Ontario may be a safe haven jurisdiction for lawsuits under doctrine of necessity

In a recent case before the Superior Court of Justice, Justice D.K. Gray found that the plaintiff was entitled to seek relief in Ontario on the basis of forum of necessity doctrine even though the claim had no real and substantial connection to Ontario.

In Mohammad v. Tarraf[1], the plaintiff, Mr. Mohammad, entered into an agreement with the defendant, Mr. Tarraf, in September 1993 to form a limited liability company, whereby Mr. Mohammad and Mr. Tarraf as joint venturers and partners would own and operate a poultry farm.  Mr. Mohammad and Mr. Tarraff held 49% and 51% interest, respectively, in the company.

Under the agreement, Mr. Tarraf gave Mr. Mohammad a personal undertaking that Mr. Tarraf would repay to Mr. Mohammad all the operating expenses that he had incurred as well as management fees once the poultry plan was operational.

Mr. Mohammad contended in his claim that Mr. Tarraf failed to make the payments under the agreement and was thus, unjustly enriched. Mr. Mohammad further stated that Mr. Tarraf used his close association and relationship with the Royal Family of Dubai to intimidate, threaten and coerce Mr. Mohammad and his family. Specifically, Mr. Mohammad stated that electricity and water supply to his residence were cut off, he and his family were wrongfully detained by Mr. Tarraf’s security forces and his children were expelled from school. Finally, Mr. Mohammad and his family immigrated to Canada as refugees.

Mr. Mohammad contended that due to the nature of the government in Dubai, the absolute power within the Royal Family in Dubai and Mr. Tarraf’s association with the Royal Family, Mr. Mohammad felt powerless to seek redress of his claim in the courts of Dubai and that he feared for his life if he returned to Dubai to pursue his claim.

In his affidavit before the Honourable Court, Mr. Mohammad also referred to an article published by Amnesty International Ltd. in 2014 entitled “There Is No Freedom Here” — Silencing Dissent in the United Arab Emirates in support of finding that his fears were reasonable and appeared to have a factual basis.

Justice Gray found that Mr. Mohammad’s claim had no real and substantial connection to Ontario. However, the real issue was whether the Court should exercise its residual discretion to assume jurisdiction on the forum of necessity exception.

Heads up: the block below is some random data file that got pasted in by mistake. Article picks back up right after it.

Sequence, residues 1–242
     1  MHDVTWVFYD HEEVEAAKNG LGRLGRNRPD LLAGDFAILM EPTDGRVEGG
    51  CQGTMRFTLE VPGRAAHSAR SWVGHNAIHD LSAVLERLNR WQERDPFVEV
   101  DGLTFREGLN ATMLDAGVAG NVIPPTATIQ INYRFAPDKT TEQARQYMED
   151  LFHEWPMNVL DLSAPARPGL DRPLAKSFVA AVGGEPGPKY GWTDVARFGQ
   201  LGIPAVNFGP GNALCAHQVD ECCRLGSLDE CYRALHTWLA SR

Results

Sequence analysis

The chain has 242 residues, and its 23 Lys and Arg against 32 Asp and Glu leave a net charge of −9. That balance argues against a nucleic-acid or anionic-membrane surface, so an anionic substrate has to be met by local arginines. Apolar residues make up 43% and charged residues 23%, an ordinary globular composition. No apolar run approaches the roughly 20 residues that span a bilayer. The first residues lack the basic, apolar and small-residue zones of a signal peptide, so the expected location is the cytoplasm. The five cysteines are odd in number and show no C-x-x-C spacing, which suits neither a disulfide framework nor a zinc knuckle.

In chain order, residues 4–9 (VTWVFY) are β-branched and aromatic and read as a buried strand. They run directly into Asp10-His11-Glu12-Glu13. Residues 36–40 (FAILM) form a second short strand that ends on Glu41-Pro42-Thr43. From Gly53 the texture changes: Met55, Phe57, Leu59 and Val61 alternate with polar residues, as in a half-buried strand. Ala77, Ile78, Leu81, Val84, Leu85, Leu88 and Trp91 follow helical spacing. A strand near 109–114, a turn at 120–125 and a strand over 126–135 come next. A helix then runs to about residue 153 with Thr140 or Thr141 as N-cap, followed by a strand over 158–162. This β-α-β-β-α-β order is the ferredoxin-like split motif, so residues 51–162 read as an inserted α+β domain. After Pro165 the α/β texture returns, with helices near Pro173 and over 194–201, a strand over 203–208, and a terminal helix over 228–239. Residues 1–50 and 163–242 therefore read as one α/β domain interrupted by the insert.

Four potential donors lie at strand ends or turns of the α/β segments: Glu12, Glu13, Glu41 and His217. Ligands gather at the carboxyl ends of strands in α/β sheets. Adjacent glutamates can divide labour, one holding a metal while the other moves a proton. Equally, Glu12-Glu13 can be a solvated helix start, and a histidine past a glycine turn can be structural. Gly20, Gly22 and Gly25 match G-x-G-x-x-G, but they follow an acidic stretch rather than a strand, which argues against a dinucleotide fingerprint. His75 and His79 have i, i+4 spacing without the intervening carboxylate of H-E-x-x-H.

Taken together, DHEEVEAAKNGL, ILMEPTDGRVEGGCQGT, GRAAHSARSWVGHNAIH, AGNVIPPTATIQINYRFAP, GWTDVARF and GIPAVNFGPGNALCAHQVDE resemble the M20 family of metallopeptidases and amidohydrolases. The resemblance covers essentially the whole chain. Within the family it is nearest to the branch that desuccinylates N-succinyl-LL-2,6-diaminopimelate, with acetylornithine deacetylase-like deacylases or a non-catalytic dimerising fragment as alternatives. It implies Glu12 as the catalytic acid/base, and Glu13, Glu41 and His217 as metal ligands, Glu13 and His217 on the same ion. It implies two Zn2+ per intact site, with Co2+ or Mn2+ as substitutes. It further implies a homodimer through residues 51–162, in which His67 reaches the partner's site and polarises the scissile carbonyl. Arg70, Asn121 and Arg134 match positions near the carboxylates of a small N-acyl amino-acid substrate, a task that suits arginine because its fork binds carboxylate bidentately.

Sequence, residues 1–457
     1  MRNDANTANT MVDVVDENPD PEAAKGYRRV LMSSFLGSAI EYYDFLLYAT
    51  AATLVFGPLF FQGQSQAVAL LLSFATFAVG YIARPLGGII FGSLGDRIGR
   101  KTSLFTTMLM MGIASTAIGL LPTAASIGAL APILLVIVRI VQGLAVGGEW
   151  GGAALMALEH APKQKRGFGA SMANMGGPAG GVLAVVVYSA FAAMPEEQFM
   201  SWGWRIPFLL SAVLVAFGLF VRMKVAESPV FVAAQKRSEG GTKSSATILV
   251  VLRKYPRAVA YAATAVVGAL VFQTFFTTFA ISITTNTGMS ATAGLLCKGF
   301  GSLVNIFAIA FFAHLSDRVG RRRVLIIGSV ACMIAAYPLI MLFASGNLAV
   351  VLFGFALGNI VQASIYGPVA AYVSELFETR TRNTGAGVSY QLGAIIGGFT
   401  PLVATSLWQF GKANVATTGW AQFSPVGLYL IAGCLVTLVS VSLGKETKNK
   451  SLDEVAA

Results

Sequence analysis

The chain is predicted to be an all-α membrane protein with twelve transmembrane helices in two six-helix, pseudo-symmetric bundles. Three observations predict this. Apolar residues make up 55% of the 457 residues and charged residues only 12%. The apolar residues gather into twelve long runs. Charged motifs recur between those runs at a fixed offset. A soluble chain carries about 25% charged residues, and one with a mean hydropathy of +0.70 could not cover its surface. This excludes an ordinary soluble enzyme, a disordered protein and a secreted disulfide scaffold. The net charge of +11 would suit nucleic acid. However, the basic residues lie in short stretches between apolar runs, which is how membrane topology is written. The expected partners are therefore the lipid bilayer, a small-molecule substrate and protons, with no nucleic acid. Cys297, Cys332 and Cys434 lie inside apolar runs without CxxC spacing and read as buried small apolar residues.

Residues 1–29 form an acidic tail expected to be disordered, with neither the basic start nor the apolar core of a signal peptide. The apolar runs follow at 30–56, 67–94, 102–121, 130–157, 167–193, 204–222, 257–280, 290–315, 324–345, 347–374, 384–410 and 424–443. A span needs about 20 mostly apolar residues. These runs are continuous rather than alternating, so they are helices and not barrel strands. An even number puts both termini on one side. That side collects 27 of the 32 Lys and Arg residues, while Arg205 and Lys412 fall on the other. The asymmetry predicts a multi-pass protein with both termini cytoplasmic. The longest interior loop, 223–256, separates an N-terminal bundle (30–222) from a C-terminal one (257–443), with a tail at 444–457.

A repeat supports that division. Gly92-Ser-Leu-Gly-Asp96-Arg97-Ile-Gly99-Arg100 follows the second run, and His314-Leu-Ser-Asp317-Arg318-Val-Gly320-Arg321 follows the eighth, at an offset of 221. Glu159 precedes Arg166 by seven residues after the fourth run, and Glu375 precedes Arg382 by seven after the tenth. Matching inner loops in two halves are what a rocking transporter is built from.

Justice Gray cited the Ontario Court of Appeal’s decision in West Van Inc. v. Daisley[2], where Hoy A.C.J.O noted that all jurisdictions in Canada that have recognized the forum of necessity have incorporated a “reasonableness” test, which must be stringently construed. The plaintiff must establish that there is no other forum in which the plaintiff can reasonably seek relief. Referring to the Quebec Court of appeal decision in Lamborghini (Canada) Inc. v. Automobili Lamborghini S.P.A.[3], Hoy A.C.J.O. stated that the breakdown of diplomatic commercial relations with a foreign State, the need to protect a political refugee, or the existence of a serious physical threat if the debate were to be undertaken before the foreign court are some examples of when a proceeding could be reasonably required in a foreign jurisdiction.

Justice Gray found that the present case was very similar to the examples given in the Lamborghini case and as such, was justified to the forum of necessity doctrine. The Court exercised its residual discretion to assume jurisdiction and granted default judgment in favour of plaintiff, Mr. Mohammad.

[1] Mohammad v. Tarraf, [2019] O.J. No. 1366

[2] West Van Inc. v. Daisley, 2014 ONCA 232, 119 O.R. (3d) 481

[3] Lamborghini (Canada) Inc. v. Automobili Lamborghini S.P.A., [1996] J.Q. No. 4175, [1997] R.J.Q. 58 (C.A.)

Sakina Babwani

Sakina Babwani is a Canadian lawyer and got called to the Ontario Bar and the Bar Council of India.

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